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Filing For Divorce In Pearland And Houston

The divorce process in Texas begins with filing the Original Petition for Divorce. The petitioner is the spouse who files for divorce, while the respondent is the spouse who is given notice of the filing. To file for divorce in Texas, either the petitioner or the respondent must have been a resident of the state for at least six months prior to the petition filing, and the filing must be completed in the county that either spouse has lived in for the 90 days preceding the petition.

Completing required legal forms and obligations and preparing your case for negotiation and possible litigation are important steps in the process. It is beneficial and prudent to begin working with an experienced lawyer as soon as possible.

At Scott M. Brown & Associates, our team of family law attorneys has years of combined experience representing clients throughout Texas. We are aggressive litigators, but we are sensitive to our clients’ unique needs. We strive to resolve all family law issues through mediated or negotiated settlements, but if litigation is necessary, we are always prepared to vigorously fight for what you are entitled to.

Speak with one of our Pearland attorneys at 979-849-8526, or contact us by email. We will guide you through every stage of the process, ensuring that your rights and interests are protected throughout.

Key Points For Attorney Representation In The Divorce Process

  • Filing the Original Petition for Divorce: The earliest a divorce can be finalized is 61 days after the initial filing. If agreements on child custody, support and property division cannot be reached by this time, the process could take much longer.
  • Proving that reconciliation between spouses is not a reasonable expectation: Expect all matters in the divorce process to be contested. It is a very emotional process for each party. If one spouse testifies that reconciliation is not a reasonable expectation, the court has the power to grant the divorce, but it will hear the argument of the opposing party if he or she wishes to contest.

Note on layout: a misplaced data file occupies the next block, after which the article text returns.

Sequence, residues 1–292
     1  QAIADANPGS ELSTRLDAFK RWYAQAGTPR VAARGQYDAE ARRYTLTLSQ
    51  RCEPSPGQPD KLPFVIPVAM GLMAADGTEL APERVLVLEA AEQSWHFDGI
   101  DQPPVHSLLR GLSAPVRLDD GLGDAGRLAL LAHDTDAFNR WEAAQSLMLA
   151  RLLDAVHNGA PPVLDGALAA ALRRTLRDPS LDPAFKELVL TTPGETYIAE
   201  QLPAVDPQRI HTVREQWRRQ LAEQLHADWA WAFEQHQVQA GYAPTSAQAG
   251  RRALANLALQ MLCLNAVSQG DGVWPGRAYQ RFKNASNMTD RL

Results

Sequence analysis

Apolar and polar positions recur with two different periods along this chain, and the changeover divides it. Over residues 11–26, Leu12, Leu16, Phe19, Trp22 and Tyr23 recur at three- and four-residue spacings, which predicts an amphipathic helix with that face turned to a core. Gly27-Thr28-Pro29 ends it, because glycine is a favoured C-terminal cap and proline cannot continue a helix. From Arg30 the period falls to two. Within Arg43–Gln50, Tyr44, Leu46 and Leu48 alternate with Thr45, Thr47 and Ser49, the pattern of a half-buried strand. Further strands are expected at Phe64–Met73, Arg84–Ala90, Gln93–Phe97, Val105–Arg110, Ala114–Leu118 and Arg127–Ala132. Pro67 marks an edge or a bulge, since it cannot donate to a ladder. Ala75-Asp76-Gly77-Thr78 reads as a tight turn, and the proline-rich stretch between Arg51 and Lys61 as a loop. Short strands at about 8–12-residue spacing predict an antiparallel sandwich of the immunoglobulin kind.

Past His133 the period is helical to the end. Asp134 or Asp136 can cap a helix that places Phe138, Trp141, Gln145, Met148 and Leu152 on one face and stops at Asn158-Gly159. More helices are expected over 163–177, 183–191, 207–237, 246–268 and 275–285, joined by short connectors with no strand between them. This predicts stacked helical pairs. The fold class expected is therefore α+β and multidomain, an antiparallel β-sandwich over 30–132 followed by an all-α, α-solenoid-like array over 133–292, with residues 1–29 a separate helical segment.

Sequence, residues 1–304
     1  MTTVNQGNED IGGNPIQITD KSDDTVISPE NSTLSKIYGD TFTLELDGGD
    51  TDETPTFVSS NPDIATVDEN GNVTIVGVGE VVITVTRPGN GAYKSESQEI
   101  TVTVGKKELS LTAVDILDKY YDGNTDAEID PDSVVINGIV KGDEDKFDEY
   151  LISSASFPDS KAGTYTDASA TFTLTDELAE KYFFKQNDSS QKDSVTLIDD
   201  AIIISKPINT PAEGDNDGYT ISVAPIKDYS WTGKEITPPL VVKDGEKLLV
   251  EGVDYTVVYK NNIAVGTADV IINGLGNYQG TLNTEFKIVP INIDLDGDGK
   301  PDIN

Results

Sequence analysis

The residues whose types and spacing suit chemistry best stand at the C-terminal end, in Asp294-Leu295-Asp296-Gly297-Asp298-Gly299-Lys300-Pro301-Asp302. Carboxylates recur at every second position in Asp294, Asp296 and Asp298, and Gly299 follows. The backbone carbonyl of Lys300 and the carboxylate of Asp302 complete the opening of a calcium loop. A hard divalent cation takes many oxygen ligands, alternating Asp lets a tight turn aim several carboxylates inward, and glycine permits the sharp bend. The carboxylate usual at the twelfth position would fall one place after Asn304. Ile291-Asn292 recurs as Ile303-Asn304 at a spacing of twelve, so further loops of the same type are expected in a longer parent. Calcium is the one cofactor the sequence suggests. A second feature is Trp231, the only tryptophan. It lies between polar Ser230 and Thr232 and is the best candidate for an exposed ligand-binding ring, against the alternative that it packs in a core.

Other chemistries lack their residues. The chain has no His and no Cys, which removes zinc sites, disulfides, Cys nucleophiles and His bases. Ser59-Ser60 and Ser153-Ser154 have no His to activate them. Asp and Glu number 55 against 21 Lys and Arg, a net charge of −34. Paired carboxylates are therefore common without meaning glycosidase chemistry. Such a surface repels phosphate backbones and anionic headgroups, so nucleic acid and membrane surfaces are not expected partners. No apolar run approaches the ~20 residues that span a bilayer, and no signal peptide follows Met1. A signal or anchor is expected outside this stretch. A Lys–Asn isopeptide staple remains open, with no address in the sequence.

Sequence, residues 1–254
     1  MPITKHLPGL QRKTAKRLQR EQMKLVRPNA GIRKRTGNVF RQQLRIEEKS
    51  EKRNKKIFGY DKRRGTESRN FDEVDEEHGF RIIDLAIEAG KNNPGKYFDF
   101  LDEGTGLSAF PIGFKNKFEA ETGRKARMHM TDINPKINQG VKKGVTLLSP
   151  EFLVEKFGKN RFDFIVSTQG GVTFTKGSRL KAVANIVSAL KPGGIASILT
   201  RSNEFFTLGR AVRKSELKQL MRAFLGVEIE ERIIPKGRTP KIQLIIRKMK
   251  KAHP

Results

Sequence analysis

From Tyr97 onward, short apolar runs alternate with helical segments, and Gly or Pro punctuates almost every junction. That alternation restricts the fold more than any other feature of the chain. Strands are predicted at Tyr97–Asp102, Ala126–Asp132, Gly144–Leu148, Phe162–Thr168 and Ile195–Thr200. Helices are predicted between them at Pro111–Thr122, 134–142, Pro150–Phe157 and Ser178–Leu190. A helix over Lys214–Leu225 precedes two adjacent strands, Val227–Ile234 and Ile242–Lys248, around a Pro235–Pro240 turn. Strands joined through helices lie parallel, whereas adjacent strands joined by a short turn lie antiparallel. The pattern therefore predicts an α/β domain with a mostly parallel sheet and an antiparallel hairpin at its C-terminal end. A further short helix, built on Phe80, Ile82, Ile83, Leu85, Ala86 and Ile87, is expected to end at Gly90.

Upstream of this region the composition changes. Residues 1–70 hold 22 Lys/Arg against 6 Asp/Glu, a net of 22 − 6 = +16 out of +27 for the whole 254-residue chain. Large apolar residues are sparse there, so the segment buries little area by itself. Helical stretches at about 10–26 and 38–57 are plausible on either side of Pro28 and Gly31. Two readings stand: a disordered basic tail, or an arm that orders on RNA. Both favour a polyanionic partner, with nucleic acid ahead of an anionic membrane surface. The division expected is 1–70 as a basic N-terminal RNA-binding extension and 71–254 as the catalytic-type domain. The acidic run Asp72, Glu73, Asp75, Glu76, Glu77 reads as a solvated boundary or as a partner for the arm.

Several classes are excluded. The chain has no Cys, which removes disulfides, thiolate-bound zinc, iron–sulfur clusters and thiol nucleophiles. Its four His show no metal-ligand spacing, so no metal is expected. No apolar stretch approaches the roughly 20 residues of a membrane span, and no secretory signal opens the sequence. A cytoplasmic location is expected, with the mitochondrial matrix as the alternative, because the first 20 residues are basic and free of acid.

• Filing a temporary restraining order (TRO): It may be necessary to maintain the status quo of property, custody and child support. It prevents parties from making large purchases and selling or disposing of community property. It is effective for 14 days, after which a hearing is usually held to make it a temporary injunction that will be effective until the final decree of divorce.
  • Child custody: If you have children, they are often the most precious asset. It may sound like uncompassionate terminology for a child, but it is the truth. We will protect your children’s best interests and tirelessly work for the custody and visitation schedule that is best for your family.
  • Child support: A formula within the Texas Family Code usually dictates child support calculations, but factors such as financial means, special health needs and the specifics of the child custody agreement will also be considered. You need an advocate to ensure that your best interests are granted high value.
  • Spousal support (alimony): Spousal support depends on the child support and property division agreements. Alimony will be awarded only to provide a spouse without sufficient means or property the necessities to maintain a reasonable lifestyle.
  • Property division: As a community property state, Texas classifies property as either community or separate property. Community property is that which was acquired during marriage, including income, retirement accounts and other assets. Separate property must have been acquired prior to marriage or by gift or inheritance. Community property will be divided in a just and equitable fashion, which will not necessarily be 50/50, and separate property and assets will be considered in the final decree.

The final decree of divorce is granted when the judge approves and signs all agreements reached by the parties or ordered by the court. The potential for loss is enormous, and without an experienced and talented litigator at your side every step of the way, you would be at a tremendous disadvantage.

Our attorneys also represent people who need to modify divorce decree agreements post-judgment because of significant changes in circumstances. Modifications are not uncommon, and if the best interests of your children, health or financial well-being are in question, we can help you today.

Call Scott M. Brown & Associates | Angleton Divorce Agreement Attorneys

Learn more about filing for divorce in Pearland or elsewhere in the Houston metropolitan area. Call us at 979-849-8526 or contact us online to schedule a consultation with an attorney.

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